Others have stated some good ones, which I won't repeat. Some more: http://hebrewbooks.org: various texts as PDFs, many of which are not elsewhere online AFAIK. Some of them have OCR (I don't know how good it is), but most AFAICT do not. Nonetheless, they're good if you know the title (or author, which you can also search by) you seek, and don't need to ...


13

Here are a few, off the top of my head: Often there are factors that you may not think are relevant when asking your question, but could certainly be. You may have looked up some kosher-kitchen question about vegetables, not knowing that onions have very different laws than potatoes. There are plenty of gray areas in halacha where the conclusion may be ...


13

These attacks are usually amalgamations of the following: Pure invention -- some of the books listed don't exist or the quotes are fabrications Mistranslations or selective quoting Out of context quotes (statements made in the course of a protracted legal argument presented as definitive statements of belief or statements made to make a legal point being ...


12

Let's put together a list here. The books of Lamentations (original Hebrew / JPS English translation) and Job (original Hebrew / JPS English translation): Jeremiah: all sections critical of the Jews' behavior or about the destruction. This is most of the book. Starting from chapter 1, one can continue until chapter 29, skipping the few verses of ...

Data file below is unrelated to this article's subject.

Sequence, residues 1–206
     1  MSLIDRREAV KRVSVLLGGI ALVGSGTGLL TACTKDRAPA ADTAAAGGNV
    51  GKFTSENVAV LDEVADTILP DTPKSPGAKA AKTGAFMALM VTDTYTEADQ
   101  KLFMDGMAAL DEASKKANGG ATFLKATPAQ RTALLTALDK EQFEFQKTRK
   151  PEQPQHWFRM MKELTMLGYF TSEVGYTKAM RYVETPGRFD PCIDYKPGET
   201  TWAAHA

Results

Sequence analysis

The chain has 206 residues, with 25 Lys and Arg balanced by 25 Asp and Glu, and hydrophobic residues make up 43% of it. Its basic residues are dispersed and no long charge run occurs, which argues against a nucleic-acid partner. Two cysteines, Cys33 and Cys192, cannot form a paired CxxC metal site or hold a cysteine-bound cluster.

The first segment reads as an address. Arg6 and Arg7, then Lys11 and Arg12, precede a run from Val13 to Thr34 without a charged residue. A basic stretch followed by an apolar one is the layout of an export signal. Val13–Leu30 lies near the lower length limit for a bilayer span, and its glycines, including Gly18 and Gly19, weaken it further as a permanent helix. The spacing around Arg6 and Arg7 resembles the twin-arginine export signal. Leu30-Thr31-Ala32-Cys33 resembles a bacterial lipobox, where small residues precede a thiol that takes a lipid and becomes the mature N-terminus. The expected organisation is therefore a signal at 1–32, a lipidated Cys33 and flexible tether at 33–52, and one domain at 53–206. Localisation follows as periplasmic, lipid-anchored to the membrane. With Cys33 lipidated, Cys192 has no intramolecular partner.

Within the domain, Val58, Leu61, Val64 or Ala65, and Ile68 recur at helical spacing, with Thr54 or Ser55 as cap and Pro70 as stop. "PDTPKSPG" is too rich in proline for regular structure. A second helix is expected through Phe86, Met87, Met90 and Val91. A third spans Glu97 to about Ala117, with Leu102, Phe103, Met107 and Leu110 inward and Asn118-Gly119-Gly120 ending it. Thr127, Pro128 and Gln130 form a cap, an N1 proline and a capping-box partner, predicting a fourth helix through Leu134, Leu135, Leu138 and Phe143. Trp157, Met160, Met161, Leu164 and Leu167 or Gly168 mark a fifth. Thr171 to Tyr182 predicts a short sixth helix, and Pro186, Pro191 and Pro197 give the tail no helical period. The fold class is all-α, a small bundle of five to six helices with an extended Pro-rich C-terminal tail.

11

You might want to check out mi.yodeya.com, the Judaism site on the StackExchange network. They allow questions and even answers from anyone, but the community editing and voting process, along with the great crowd of people who tend to hand out there tends to result in excellent, well-sourced answers being posted fairly quickly for most questions. Full ...


11

Quick Google brings http://twitter.com/kinbot The Kinneret Bot! Also see: http://savethekinneret.com/ (chart is a bit messy, though) http://www.israelweather.co.il/kineret.asp (in hebrew)


11

Online Texts: Mechon Mamre, he.wikisource.org, Hebrew Books, Chumash - Rabbi Kaplan Translation Blogs: Hirhurim, Text & Texture, parshablog, Cross Currents, Emes ve-Emunah Shiurim: YU Torah, Virtual Beit Midrash, Daf Yomi Advancement Forum, Torah.org, Aish, AishDas Q & A: Judaism.SE, Ask Moses, Jewish Answers